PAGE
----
A couple of years ago, my partner came home from a business trip bearing a small gift for me, which he seemed particularly pleased with as he handed it over. It was a slim volume of poems from Candlestick Press, an anthology titled Ten Poems About Sheep. Sheep?! What on earth kind of a gift was that, I wondered, feigning gratitude. A lovely one, as it turned out. I devoured it in one sitting and, despite two house moves and several book culls since, it’s still up there on my shelves.
So when I was offered two newly published pamphlets from Candlestick Press in exchange for some feedback, I jumped at the chance.
There’s a huge amount to like about the whole Candlestick Press concept. I’m a big fan of the pamphlet or chapbook as an art form in its own right, rather than just as a pre-cursor to a full poetry collection, so I appreciate Candlestsick’s focus on the format. I also love the idea of mini-anthologies organised around themes. They’re such a novel and accessible way to dip a toe into a wide range of poetry – particularly when they’re as beautifully produced as these are, and when the themes are so wonderfully varied – from nonsense poems, to bedtime poems, to poems about dogs, chickens, puddings and revenge, to poems by lesbian and gay poets and poems about Scotland. And I really like that a proportion of the price of each title goes to charity – various different causes, in keeping with each pamphlet’s theme.
The Woods in Winter by John Lewis-Stempel
(Prose by John Lewis-Stempel with two poems by Jackie Kay and Nancy Campbell). As with Ten Poems About Sheep, I fell immediately in love with this little wonder – from Angela Harding’s gorgeous cover artwork to John Lewis-Stempel’s sparsely evocative nature writing, both of which took me right back to the heart of the Northumbrian woods I grew up in.
I’ve been reading quite a lot of nature writing recently, but much of it has left me wanting with its strong focus on scientific analysis. What I want is to be transported and The Woods in Winter satisfied that desire in spades. I smelled the land, shivered in the freezing air and felt the eyes of small birds on me. I startled at the sudden flapping of pheasant and winced at a vixen’s scream.
This is about so much more than a walk in the woods. It’s “existence stripped back to the elements,” where we become “just another dark vertical shape among others.” But it’s also “An awkward trespass,” as if, in our modern human world we’ve moved so far away from our own wilderness that we barely recognise it. “The oaks were temple pillars of a lost civilisation”. But if we do, and if we go there deliberately so that we may “find a certain thing,” what might be the consequences? “No one comes looking for you in a wood.”
The Woods in Winter is an obvious candidate for a Christmas gift, but I’m afraid my copy’s going no further than my bookshelf. This is something I’ll read again and again. Reckon I’ll pop it next to Ten Poems About Sheep.
Ten Poems about Friendship: Selected and Introduced by Lorraine Mariner
I’m a big fan of Lorraine Mariner’s poetry and so I suspected (correctly, as it turns out) that I’d enjoy her selections in this anthology.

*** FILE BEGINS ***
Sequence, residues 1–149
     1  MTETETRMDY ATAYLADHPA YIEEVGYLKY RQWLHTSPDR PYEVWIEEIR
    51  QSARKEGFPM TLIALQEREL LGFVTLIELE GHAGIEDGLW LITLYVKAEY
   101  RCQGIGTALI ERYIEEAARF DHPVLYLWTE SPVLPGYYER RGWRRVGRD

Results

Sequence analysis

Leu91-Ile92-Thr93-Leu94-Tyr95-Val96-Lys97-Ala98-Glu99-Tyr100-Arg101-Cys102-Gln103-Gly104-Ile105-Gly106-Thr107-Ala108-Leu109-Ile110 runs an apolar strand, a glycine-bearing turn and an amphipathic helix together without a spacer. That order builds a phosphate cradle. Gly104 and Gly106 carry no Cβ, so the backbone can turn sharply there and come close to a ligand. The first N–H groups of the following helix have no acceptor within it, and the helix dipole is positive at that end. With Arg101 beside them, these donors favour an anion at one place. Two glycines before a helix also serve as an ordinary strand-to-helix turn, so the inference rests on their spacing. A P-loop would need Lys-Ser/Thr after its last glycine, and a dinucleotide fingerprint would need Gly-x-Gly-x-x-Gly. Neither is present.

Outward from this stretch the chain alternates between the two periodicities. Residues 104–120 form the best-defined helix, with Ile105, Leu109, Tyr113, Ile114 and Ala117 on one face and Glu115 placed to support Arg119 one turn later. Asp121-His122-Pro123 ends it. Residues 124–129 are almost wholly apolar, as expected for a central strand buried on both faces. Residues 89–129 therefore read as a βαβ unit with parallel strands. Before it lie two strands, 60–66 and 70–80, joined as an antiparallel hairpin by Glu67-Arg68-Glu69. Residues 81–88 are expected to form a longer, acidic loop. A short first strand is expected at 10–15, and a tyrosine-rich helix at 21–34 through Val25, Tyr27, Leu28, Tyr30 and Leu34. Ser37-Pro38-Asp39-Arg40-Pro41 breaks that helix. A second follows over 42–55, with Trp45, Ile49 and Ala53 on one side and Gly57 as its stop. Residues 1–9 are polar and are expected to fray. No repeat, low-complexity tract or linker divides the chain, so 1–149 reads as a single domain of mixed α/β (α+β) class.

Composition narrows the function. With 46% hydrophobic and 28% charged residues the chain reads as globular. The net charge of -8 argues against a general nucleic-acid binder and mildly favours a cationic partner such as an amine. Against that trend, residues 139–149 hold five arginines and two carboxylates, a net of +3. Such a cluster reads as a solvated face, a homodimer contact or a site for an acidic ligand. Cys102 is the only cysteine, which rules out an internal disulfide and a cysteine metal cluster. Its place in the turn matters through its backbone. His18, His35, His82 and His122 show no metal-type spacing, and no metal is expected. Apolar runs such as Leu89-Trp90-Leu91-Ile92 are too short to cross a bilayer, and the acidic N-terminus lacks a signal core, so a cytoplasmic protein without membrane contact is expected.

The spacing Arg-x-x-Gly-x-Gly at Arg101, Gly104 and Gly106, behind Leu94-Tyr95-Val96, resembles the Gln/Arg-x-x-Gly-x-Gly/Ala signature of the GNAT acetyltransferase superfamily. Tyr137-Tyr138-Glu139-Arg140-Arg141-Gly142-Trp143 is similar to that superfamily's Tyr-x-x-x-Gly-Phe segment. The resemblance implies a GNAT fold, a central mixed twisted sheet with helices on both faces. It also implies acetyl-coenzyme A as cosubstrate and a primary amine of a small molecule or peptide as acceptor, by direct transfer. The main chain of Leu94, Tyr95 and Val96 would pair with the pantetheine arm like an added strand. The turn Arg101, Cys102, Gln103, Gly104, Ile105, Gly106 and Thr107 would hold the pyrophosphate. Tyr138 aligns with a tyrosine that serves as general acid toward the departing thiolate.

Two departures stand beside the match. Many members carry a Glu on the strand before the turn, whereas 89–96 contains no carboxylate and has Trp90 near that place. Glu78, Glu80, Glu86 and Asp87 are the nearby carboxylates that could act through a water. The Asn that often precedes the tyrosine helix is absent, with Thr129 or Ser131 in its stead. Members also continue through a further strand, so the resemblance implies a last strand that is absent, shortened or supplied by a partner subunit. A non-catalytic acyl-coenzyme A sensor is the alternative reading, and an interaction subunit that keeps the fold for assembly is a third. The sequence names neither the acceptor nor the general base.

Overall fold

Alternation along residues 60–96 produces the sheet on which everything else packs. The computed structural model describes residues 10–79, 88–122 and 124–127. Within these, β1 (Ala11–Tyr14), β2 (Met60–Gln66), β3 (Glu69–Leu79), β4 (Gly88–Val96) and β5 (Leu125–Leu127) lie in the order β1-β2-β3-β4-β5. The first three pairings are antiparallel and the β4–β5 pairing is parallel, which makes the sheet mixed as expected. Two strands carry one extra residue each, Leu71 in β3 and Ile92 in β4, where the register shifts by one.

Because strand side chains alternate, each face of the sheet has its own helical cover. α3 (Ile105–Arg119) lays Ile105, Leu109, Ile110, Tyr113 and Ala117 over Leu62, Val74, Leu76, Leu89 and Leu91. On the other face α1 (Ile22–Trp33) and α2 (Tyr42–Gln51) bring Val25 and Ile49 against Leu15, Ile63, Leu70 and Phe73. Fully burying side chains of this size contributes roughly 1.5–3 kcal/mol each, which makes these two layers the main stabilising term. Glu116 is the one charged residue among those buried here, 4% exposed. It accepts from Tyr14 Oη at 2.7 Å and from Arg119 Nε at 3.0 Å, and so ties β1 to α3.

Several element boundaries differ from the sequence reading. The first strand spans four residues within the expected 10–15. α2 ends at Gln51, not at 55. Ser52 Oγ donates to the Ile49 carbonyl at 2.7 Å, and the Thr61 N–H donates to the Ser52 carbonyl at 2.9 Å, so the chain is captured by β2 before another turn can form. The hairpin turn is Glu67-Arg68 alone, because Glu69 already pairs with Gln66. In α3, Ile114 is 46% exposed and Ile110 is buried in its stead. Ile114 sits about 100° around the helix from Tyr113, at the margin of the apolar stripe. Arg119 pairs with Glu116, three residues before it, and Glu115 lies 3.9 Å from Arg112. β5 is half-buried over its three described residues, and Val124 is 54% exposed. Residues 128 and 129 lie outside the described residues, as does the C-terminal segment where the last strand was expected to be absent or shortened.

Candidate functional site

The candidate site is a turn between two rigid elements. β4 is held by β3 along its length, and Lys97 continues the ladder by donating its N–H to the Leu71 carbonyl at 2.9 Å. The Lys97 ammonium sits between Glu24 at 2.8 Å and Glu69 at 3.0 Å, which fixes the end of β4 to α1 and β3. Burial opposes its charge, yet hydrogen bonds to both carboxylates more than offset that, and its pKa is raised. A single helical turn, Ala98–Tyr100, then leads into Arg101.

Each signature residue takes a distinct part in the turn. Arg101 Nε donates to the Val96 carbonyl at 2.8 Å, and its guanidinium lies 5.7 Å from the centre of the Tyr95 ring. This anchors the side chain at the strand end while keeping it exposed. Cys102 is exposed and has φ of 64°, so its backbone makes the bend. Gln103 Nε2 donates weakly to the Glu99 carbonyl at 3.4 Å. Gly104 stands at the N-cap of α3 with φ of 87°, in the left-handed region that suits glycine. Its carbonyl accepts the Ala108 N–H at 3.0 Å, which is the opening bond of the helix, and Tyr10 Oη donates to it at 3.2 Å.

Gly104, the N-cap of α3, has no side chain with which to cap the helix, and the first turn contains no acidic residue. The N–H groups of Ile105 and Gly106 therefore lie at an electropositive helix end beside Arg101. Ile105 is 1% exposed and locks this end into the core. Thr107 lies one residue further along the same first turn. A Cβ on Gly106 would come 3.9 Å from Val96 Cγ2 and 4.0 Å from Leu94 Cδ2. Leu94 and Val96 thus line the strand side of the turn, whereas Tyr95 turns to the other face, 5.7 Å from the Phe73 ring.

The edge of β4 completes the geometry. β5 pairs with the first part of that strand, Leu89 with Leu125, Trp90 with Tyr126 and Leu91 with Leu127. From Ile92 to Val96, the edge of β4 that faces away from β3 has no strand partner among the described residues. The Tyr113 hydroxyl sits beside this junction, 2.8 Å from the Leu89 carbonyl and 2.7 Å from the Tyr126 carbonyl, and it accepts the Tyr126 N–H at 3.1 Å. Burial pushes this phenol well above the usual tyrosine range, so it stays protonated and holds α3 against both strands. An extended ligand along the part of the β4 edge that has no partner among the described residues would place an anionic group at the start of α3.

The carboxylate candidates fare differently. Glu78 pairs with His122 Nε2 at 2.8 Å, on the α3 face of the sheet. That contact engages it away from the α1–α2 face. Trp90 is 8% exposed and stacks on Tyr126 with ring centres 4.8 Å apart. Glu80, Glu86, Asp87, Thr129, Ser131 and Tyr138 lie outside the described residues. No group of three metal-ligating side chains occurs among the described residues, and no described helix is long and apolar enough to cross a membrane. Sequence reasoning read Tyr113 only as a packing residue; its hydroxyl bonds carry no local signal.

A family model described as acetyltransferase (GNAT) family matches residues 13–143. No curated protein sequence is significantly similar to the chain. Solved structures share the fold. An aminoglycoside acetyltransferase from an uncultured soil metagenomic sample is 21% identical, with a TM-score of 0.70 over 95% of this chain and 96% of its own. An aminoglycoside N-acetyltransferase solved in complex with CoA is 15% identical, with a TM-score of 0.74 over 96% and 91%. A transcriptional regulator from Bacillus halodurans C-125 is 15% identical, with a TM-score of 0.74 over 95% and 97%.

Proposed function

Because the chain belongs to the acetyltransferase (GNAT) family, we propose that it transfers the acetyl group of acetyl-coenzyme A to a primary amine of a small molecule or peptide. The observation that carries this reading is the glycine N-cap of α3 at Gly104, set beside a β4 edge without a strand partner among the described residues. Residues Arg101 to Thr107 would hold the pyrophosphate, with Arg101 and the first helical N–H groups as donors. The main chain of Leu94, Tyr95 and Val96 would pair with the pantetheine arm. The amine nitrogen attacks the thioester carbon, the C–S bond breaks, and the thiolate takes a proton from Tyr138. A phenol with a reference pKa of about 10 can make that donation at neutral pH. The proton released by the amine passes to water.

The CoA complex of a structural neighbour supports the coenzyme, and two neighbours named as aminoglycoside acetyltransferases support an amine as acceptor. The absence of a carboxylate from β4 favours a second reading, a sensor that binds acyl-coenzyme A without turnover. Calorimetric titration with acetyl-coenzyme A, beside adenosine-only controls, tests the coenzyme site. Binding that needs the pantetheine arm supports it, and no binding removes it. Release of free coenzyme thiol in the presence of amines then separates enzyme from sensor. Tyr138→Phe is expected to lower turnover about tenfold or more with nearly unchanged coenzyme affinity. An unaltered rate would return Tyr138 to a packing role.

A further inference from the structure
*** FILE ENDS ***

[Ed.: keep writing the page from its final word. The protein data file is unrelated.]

A poetry anthology can at times be a bit like a box of chocolates (forgive the Forrest Gump analogy). There’ll be a few poems you really love and keep coming back to, a bunch you quite a like and might read once or twice and then, inevitably, some that don’t really grab you at all. But I have to say that I enjoyed every single poem here, on two distinct levels – individually and as a collection.
As a whole, the collection took me on a journey through friendship, warmly reflecting the real-life complexity, highs and lows of human relationships rather than sugar-coating them. Which I think makes it a collection that anyone and everyone can relate to – regardless of gender, age or lifestage. At the same time, it deftly balances work by traditional and contemporary poets, poems of varying length and structure, and poems with contrasting emotional tones – from tenderness, through celebration, appreciation and laugh-out-loud humour.
The stand-out poem for me was Lorraine Mariner’s ‘Inventory’, in which she catalogues her Facebook friendships. The title and the poem’s focus on numbers (“I have 484 friends” / “114 of them I have never met”) seem to say it all, but then, “sometimes I am overwhelmed by the sadness people I hardly know are sharing” suddenly throws up a whole different side of life in the time of social media.
As much as I relished reading Ten Poems about Friendship, I’ll be passing this one on as a gift. Not because I don’t want to keep it, but because I know someone who’ll treasure receiving it. A very good friend of mine (a real one).
Shauna Robertson is a member of Town Hall Poets, the Poetry Society Stanza which meets at Trowbridge Town Hall on the second Monday of every month. Town Hall Poets have been selected as the Trowbridge Chapter for the Candlestick Press Collective and receive complimentary pamphlets to discuss and review in our group.
You might also like >> Ginny Saunders writes about new Candlestick Press pamphlets at her blog. Josephine Corcoran has written some comments here and you can also read feedback from Pey Pey Oh and John Powell.